Stuffed Zucchini

Stuffed Zucchini

Boy, you can get some HUGE zucchinis locally. I tried to grow two plants but the bugs ate my seedlings. :( Luckily, even monsters like the one I bought only cost 50c at the market.

The huge zucchinis are nowhere near as tender as the little 6" - 8" guys you find at most grocery stores. So, while they're good to fry up (they take a while), they're really good to stuff and bake. You definitely get your veggies out of this one - this made enough for two meals AND we had filling left over. So there's enough filling to do one of those monster zucchinis.

I used TVP here because frankly, we don't eat that much meat at a time any more. TVP lets us put in extra fiber and protein, but get a lighter, fluffier mix with less calories. Feel free to substitute your choice of meats if you feel like it.

Also, this works great with any kind of summer squash, though not all should be cut into steaks. Those neat 8-ball types that are round are especially good to hollow out for individual servings and even large patty-pan squash can hold a fair amount.

Stuffed Zucchini [printable recipe]

Serves 4

  • 1 big zucchini
  • 1/2 lb ground beef or pork
  • 2/3 cup TVP (OR 1/2 lb ground meat, omit the broth)
  • 2/3 cup beef broth
  • 1 cup cooked rice
  • 1 medium onion, diced
  • 1/2 jalapeno, minced
  • 1/4 cup fresh basil, sliced
  • 1/4 cup bread crumbs
  • 1/4 - 1/2 cup shredded cheese
  • 3 large cloves garlic, crushed
  • 1 tbsp butter, melted
  • 1 tbsp Worcestershire sauce or soy sauce
  • 1 tsp smoked paprika
  • 1 egg
  • salt, pepper
  • oil

Preheat oven to 350F/180C.

Cut the stem and blossom ends off of the zucchini. Slice lengthwise and use a spoon to scoop out the seeds. If you remove some of the meat, set the meat aside and discard the seeds. Rest in a 13x9 casserole dish. Brush melted butter all over the insides, then season with salt and pepper. Bake for 20 minutes, then remove.

While the zucchini cooks... In a deep skillet, brown the ground meat. Pour off any excess fat and remove to a bowl. Saute the onion in either a bit of fat from the meat or 1 tbsp oil, until tender and translucent. Add garlic and jalapeno, along with any reserved zucchini meat, and continue to cook for another 2 - 3 minutes. Remove and combine with ground meat.

Combine TVP and broth in a small bowl and cover for 5 minutes. Stir gently to ensure TVP has fully reconstituted, then mix into the meat mixture. Stir in Worcestershire, rice, egg, basil, smoked paprika, salt and pepper.

Mound the mixture into the zucchini boats. Sprinkle liberally with breadcrumbs and then cheese. Bake for another 20 minutes until the cheese browns.

Slice into thick steaks and serve with rice or potatoes.

Braised Radishes and Zucchini

Braised Radishes and Zucchini

Okay, I admit - this is an odd one. Everyone, or so it seems, in the food world has been talking about cooking radishes this year. Food & Wine featured an article on a famous chef, I forget his name, presenting four different types in a little garden looking dish and various bloggers emulated it.

Now I've only recently decided that I like radishes - I spent a long while not liking them one bit! But I was really tired of putting red onion in my salads and needed something else with a tangy bite - enter the humble red radish. I'm not really sure now why I didn't like them before. :-)

Since radishes kept going on sale for really cheap - 4 for a dollar, for example - I decided I could waste a quarter on a recipe that might or might not turn out.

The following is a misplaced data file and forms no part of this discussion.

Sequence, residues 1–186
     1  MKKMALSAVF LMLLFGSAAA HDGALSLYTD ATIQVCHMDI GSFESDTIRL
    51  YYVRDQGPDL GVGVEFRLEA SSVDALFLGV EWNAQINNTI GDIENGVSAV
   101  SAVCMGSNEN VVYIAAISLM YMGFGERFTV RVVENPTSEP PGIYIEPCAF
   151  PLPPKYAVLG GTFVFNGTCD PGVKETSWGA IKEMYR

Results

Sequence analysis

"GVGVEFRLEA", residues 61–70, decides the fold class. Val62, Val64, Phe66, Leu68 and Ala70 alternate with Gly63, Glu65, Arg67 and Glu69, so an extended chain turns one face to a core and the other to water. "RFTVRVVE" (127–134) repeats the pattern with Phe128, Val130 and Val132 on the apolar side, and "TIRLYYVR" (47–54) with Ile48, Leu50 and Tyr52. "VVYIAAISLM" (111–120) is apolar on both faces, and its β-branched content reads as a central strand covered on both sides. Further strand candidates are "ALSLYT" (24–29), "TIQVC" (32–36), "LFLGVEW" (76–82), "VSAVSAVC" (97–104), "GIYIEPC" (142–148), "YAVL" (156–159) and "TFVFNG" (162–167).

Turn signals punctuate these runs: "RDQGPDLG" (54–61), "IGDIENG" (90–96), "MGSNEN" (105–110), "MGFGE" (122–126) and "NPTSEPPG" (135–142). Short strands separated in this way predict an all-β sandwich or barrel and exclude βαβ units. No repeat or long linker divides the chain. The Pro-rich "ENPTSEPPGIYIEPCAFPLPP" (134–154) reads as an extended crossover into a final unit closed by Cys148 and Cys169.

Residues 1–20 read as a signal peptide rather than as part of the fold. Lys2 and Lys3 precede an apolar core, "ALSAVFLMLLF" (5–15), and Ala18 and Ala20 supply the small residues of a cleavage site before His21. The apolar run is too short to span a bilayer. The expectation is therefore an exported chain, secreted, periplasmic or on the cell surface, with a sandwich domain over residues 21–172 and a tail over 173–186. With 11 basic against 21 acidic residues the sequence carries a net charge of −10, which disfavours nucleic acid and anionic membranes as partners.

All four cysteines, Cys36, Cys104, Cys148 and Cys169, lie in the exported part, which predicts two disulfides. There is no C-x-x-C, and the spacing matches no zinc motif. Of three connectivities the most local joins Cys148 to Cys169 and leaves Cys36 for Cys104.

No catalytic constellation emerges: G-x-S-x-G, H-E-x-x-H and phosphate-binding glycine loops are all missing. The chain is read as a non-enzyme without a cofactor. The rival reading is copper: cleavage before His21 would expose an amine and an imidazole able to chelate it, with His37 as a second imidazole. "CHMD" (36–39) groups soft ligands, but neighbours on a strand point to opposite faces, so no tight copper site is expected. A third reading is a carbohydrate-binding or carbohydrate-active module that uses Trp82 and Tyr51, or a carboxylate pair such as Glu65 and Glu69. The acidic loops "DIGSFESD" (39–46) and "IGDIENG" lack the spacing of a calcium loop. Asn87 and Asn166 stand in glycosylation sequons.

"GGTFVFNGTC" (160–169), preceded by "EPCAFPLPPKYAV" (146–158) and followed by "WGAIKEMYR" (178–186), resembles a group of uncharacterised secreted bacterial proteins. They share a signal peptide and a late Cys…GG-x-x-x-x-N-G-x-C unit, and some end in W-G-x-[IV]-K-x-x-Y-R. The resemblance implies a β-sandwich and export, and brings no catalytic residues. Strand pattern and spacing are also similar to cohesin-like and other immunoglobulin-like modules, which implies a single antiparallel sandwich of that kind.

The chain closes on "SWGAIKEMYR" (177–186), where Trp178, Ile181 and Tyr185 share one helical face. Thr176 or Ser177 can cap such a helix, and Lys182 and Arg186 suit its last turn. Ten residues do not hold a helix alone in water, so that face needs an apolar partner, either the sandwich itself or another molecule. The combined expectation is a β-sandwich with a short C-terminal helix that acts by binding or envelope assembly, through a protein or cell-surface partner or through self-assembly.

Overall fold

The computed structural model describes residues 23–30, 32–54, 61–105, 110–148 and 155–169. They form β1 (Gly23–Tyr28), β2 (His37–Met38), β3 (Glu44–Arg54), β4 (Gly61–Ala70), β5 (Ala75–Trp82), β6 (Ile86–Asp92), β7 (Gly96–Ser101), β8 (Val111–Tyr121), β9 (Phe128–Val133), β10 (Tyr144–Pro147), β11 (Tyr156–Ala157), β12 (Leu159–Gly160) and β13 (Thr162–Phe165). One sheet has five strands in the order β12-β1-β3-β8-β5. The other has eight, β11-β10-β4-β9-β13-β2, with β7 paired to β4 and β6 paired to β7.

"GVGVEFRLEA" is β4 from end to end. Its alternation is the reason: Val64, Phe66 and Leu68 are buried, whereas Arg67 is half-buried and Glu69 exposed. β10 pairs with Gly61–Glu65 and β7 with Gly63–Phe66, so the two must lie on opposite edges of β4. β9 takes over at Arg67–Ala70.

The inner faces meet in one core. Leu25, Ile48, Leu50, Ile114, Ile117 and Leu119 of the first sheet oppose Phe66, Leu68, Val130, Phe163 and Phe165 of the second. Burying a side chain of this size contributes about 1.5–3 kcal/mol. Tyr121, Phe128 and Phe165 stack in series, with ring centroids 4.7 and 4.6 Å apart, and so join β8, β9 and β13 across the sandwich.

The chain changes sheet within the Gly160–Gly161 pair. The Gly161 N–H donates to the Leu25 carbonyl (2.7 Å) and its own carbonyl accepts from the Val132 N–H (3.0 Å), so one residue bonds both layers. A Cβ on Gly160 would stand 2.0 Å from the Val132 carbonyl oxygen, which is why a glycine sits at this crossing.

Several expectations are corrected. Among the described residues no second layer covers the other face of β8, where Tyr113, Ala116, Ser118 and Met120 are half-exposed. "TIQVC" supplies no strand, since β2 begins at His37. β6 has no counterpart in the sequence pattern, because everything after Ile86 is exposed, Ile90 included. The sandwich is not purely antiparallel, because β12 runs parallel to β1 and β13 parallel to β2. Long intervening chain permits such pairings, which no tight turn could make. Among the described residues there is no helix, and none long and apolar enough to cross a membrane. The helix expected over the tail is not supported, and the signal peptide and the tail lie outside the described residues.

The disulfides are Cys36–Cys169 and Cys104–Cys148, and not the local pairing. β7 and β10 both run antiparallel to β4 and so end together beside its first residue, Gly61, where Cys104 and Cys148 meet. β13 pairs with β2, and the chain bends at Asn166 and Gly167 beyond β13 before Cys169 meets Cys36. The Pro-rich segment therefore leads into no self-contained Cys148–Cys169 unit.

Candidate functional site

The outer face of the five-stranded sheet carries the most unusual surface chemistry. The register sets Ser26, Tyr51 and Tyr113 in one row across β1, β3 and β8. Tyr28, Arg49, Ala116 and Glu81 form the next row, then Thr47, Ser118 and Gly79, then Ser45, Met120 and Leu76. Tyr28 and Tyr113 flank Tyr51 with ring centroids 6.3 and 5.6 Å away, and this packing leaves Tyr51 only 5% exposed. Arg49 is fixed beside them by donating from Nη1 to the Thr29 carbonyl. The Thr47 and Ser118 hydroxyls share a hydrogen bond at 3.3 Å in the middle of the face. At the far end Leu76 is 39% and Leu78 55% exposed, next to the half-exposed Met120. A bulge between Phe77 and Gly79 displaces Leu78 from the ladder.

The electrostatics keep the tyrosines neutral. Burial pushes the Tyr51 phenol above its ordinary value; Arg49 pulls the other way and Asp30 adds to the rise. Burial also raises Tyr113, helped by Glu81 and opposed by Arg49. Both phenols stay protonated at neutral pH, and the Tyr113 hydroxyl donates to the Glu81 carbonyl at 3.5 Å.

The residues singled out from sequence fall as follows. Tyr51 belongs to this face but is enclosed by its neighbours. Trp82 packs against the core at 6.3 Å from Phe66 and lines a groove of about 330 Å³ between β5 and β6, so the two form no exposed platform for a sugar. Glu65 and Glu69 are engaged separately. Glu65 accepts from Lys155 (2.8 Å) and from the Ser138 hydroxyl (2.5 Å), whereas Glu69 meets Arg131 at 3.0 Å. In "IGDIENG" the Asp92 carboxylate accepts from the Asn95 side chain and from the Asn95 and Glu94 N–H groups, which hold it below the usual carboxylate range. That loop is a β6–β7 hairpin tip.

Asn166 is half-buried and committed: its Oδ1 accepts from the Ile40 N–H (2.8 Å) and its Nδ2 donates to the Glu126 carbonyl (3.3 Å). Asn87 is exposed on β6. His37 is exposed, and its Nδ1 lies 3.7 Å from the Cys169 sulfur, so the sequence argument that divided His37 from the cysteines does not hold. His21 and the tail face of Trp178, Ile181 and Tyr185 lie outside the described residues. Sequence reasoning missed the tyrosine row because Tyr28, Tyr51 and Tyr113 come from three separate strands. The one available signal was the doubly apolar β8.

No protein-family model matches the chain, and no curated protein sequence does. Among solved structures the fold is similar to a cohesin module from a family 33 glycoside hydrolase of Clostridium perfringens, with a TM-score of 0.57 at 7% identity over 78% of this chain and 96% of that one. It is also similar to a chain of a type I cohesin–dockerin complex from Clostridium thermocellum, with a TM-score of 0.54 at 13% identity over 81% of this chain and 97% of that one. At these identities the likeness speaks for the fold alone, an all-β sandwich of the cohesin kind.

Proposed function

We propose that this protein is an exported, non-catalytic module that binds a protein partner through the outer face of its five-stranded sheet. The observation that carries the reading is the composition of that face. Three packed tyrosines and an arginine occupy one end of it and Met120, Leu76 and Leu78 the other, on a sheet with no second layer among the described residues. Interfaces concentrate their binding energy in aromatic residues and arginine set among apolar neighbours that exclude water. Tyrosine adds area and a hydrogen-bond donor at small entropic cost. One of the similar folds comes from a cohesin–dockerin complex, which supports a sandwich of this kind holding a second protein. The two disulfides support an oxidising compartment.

Turns out that they're actually really good braised. And probably roasted too, but I haven't tried that yet. They become very tender and mellow. I think when the weather gets colder, I'm going to try throwing some radishes in with the roasted veggies I like to make for winter salads. I bet they'll be good.

So, for a really easy side that takes next to no work, I'd definitely try these if I were you.

Braised Radishes and Zucchini [printable recipe]

  • 1 bunch radishes, greens removed
  • 1 medium zucchini
  • 2 tbsp butter
  • salt and pepper or lemon-pepper seasoning blend

Quarter the radishes and slice the zucchini into thick half-moons. In a deep skillet, melt the butter over medium heat and add the veggies when it's foamy. Sprinkle over some salt and pepper, toss to coat. Cook until radishes are tender, about 10 - 15 minutes.

Deconstructed Tortilla Salad

Deconstructed Tortilla Salad

Mangoes are in season now and we've been getting a bunch of them for great prices lately. We also lucked into a fresh, ripe pineapple so I decided to try making a fruit-based salsa. It came out beautifully!

It's hard to believe when a salsa I create from scratch comes out so nicely that just a couple of years ago I couldn't make a salsa if my life depended on it.

So, we decided to make a bunch of different components that we would normally put into a tortilla salad and used our freshly baked Tortilla Chips on the side. I think the only thing that might be missing is some shredded twice-cooked chicken. (Leftover chicken, like from a rotisserie chicken, shredded and sprinkled liberally with different spices like cumin, oregano and garlic powder, then lightly fried in a teensy amount of oil to brown it up.)

Did you know you can freeze avocados? Just mash a ripe avocado or dozen, combine with some lemon or lime juice (as if making guacamole), add salt and pack the mash into silicone muffin cups. Freeze until solid then remove from the cups and place in a freezer bag. Works great for guacamole, random lunchtime tacos and adding to salads like this.

Mango-Pineapple Salsa [printable recipe]

  • 1 ripe mango, seeded and diced
  • 1/2 ripe pineapple, cored and diced
  • 1 jalapeno, seeded
  • 1/4 c cilantro, minced
  • 1/2 white onion, finely diced
  • 1 - 2 tbsp lime juice
  • 1/2 tsp cumin
  • salt

Combine all, allow to rest for at least 30 minutes.

Citrusy Black Beans [printable recipe]

Adapted from a recipe in Cuisine at Home

  • 1 can or 1 1/2 c cooked black beans (or any variety/mix you prefer)
  • 1/4 cup orange juice
  • 3 cloves garlic, crushed
  • 1 tsp oregano
  • 1 tsp cumin
  • 1 tsp lard
  • salt and pepper

Over moderate heat, heat lard in a nonstick skillet. When hot, add garlic and spices then cook for 2 minutes. Add beans and orange juice. Cook, stirring occasionally, until juice is evaporated and beans are thick.

Today's Farmer's Market Haul

My haul from the Tooele market